Will Medicaid Estate Recovery Go After My House and Retirement Benefits?

 In Long-Term Care Planning


I am 55 years old and I have been on Medicaid for a few years. I recently read that the state of Medicaid agency can seek recovery of any medical expenses that Medicaid has paid for once I turned 55. I own a house, in joint tenancy, with my partner, and have money in retirement accounts with my partner as the beneficiary. I am worried, if I remain on Medicaid and have major medical expenses over the next ten years, that my partner will receive a greatly reduced inheritance, if I die before him. Are my assets vulnerable? Or are they protected since they don’t need to go through probate? Would it be advisable for me to seek health insurance from other means, such as the Health Connector, or find a job that includes health insurance?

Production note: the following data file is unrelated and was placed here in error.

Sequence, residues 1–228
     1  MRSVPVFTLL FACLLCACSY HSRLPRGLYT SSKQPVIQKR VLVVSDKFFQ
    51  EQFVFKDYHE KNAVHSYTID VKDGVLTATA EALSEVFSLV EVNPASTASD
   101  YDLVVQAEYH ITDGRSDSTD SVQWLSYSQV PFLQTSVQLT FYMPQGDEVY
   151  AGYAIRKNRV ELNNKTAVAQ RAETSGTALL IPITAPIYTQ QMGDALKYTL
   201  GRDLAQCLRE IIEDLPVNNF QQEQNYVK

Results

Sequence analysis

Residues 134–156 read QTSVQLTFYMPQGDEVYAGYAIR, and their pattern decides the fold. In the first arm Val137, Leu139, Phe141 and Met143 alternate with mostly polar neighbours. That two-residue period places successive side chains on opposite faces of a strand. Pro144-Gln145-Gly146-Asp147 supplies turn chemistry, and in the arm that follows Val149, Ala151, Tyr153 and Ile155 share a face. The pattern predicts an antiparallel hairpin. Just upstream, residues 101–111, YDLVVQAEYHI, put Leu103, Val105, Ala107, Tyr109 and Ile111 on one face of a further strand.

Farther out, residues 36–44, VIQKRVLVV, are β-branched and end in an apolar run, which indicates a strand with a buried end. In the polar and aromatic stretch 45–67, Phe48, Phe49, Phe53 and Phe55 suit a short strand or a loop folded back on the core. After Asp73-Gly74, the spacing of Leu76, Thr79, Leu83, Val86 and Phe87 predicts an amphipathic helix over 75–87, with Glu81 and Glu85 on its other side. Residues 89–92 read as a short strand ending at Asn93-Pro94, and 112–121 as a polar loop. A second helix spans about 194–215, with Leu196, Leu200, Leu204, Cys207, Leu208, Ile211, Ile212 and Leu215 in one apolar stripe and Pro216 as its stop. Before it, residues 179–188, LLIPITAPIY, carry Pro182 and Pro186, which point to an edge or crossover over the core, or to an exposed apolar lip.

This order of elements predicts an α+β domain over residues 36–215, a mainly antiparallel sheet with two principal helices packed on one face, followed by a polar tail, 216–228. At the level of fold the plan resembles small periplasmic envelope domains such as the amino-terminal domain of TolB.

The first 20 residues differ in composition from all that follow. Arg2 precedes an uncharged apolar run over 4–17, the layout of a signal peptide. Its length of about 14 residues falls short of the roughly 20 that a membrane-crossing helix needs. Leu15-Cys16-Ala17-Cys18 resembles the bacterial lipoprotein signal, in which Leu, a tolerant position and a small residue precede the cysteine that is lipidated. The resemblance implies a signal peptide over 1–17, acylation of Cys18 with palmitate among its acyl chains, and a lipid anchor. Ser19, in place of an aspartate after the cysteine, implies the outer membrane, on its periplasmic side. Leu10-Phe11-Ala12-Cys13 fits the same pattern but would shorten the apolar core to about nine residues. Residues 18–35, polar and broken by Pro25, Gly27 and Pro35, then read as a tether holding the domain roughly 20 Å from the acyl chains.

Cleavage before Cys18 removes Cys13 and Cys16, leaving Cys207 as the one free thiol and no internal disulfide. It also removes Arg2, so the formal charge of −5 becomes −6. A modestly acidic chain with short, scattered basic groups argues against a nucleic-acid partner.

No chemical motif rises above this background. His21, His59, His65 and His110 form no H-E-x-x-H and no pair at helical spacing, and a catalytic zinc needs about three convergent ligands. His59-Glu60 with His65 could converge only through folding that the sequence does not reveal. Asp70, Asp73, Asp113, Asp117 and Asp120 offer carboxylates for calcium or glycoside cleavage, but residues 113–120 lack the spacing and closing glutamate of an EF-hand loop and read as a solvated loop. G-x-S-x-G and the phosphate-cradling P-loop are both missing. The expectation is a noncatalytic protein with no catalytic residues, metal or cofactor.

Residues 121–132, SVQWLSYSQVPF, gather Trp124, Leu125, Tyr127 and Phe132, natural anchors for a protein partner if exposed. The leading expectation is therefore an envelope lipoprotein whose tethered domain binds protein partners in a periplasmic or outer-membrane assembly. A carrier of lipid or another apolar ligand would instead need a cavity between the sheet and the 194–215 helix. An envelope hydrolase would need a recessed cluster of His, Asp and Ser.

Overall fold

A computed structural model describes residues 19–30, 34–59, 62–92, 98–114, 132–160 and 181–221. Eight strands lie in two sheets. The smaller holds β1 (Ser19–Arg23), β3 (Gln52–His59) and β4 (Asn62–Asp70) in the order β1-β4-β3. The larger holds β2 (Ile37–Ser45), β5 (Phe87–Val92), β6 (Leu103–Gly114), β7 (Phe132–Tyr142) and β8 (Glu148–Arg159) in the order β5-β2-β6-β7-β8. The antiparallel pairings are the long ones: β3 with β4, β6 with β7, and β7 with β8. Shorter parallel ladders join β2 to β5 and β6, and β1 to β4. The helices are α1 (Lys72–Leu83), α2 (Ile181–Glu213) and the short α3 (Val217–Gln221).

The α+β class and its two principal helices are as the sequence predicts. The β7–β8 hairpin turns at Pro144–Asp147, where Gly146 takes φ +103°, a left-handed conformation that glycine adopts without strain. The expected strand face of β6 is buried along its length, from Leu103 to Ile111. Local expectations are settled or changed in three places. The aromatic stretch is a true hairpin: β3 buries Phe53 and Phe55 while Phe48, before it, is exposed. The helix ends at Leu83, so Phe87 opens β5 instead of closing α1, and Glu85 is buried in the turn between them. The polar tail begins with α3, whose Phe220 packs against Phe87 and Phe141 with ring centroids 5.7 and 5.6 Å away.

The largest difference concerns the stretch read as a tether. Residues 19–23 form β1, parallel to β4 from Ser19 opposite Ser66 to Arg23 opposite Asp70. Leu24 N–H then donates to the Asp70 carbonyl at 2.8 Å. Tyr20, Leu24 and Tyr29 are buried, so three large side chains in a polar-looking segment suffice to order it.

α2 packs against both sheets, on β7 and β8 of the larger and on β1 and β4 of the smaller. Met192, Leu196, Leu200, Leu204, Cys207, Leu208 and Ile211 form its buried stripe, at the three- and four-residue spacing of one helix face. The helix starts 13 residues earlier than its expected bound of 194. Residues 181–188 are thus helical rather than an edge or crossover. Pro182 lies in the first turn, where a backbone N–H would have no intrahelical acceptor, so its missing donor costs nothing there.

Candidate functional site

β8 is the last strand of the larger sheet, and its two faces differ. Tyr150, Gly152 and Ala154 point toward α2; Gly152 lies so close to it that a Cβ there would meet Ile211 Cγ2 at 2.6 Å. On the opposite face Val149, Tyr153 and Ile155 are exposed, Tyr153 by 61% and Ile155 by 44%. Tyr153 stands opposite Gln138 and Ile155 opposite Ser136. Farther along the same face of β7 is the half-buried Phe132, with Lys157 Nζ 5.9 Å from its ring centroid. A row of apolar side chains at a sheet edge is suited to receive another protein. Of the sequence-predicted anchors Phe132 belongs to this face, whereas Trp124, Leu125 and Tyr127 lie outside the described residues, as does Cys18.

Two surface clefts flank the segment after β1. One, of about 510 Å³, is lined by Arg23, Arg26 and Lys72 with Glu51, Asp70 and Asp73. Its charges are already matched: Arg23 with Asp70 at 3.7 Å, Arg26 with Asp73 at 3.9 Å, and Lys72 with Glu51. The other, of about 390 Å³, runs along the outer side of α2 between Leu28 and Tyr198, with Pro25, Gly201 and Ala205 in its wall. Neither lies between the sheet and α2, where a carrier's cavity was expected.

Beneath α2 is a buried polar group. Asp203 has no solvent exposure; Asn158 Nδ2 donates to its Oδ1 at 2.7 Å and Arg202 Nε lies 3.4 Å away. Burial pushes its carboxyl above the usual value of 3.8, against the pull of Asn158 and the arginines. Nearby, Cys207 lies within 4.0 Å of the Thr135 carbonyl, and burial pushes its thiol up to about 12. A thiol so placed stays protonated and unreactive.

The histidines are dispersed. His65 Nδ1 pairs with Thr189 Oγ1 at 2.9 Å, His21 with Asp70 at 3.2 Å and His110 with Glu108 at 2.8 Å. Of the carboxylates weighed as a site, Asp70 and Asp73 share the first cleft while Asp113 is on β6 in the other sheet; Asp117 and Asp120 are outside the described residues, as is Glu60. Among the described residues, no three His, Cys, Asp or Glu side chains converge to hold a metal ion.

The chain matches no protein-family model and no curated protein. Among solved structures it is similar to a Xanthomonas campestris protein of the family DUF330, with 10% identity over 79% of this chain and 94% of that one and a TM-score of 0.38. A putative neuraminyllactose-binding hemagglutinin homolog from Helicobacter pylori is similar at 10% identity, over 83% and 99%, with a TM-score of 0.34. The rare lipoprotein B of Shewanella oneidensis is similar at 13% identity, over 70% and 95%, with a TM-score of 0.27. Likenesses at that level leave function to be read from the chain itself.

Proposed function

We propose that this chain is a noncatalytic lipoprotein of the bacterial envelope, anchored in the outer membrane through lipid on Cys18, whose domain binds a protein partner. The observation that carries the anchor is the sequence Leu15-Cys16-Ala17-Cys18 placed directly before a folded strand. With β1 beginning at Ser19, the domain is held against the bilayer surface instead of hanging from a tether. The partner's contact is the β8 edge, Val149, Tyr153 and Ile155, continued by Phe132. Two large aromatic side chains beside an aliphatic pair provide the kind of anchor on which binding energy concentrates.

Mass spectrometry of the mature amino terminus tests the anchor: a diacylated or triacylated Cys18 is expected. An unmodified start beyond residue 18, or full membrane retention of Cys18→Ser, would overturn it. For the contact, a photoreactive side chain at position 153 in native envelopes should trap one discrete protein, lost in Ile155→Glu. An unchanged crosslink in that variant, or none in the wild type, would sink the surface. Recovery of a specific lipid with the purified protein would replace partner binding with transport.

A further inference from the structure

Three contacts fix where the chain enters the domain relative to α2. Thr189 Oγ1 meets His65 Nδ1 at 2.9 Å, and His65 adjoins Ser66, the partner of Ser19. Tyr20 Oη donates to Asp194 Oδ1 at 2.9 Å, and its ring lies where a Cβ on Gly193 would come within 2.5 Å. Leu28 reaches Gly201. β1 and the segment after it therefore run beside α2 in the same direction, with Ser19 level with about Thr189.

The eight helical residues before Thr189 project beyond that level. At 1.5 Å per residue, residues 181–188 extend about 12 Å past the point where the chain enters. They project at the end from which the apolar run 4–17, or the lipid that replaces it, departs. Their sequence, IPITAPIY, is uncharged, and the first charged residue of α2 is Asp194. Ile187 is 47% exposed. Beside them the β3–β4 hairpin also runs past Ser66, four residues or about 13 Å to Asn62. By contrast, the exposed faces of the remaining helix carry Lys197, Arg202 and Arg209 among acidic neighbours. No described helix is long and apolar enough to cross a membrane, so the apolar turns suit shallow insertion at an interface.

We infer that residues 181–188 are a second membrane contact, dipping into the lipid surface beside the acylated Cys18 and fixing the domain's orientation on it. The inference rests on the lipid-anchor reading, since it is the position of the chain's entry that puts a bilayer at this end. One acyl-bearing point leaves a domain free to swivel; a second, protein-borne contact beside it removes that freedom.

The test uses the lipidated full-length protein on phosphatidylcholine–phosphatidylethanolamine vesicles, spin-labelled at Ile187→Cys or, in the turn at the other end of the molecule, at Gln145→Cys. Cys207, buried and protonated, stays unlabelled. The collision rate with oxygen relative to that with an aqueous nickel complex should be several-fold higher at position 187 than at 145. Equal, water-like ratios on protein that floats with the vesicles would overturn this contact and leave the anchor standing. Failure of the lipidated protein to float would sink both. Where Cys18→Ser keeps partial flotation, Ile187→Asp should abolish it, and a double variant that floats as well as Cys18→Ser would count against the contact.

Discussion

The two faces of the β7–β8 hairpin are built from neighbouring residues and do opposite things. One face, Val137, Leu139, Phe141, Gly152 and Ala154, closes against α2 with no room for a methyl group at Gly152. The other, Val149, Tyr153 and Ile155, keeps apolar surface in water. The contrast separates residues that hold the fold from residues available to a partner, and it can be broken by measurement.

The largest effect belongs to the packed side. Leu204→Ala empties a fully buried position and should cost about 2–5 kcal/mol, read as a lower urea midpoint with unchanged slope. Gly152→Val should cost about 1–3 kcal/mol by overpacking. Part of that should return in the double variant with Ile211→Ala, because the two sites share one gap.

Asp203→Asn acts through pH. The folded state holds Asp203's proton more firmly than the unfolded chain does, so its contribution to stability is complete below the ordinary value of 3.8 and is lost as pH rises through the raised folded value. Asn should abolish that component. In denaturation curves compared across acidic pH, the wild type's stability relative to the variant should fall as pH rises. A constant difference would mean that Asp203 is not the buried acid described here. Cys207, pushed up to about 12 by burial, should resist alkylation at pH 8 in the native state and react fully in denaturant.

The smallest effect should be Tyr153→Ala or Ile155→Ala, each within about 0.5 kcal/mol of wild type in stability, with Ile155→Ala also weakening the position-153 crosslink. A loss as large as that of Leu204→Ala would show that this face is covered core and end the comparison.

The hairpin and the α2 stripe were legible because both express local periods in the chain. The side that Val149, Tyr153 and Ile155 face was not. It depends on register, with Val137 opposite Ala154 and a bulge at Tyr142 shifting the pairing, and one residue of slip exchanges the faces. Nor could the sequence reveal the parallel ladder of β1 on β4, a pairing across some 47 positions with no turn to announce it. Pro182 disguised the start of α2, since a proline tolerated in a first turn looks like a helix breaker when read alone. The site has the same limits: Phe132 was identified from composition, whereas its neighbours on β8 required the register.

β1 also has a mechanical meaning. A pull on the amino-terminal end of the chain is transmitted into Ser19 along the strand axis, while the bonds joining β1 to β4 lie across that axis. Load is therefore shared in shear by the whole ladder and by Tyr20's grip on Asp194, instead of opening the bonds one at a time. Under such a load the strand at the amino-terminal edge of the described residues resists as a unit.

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If your partner survives you, probably he will not have a problem. In most states, as you suggest, Medicaid estate recovery only applies to probate property. In those states, property that does not pass through probate, such as jointly-owned property or accounts with beneficiary designations, will not be subject to claim upon your death. (Click here to read more about the distinction between probate and non-probate property.) However, some states have so-called “expanded” estate recovery that allows a Medicaid claim against a deceased Medicaid beneficiary’s non-probate assets. Check with your state Medicaid agency or a local elder law attorney to see what property is subject to estate recovery.

Also, be aware that not all states permit beneficiaries to hold retirement accounts and receive benefits. Others have different rules before and after age 65 or for benefits while living in the community and for nursing home care. While it’s always better to have a job or to get health insurance without the potential of an estate recovery claim, that’s only one consideration in your decision.

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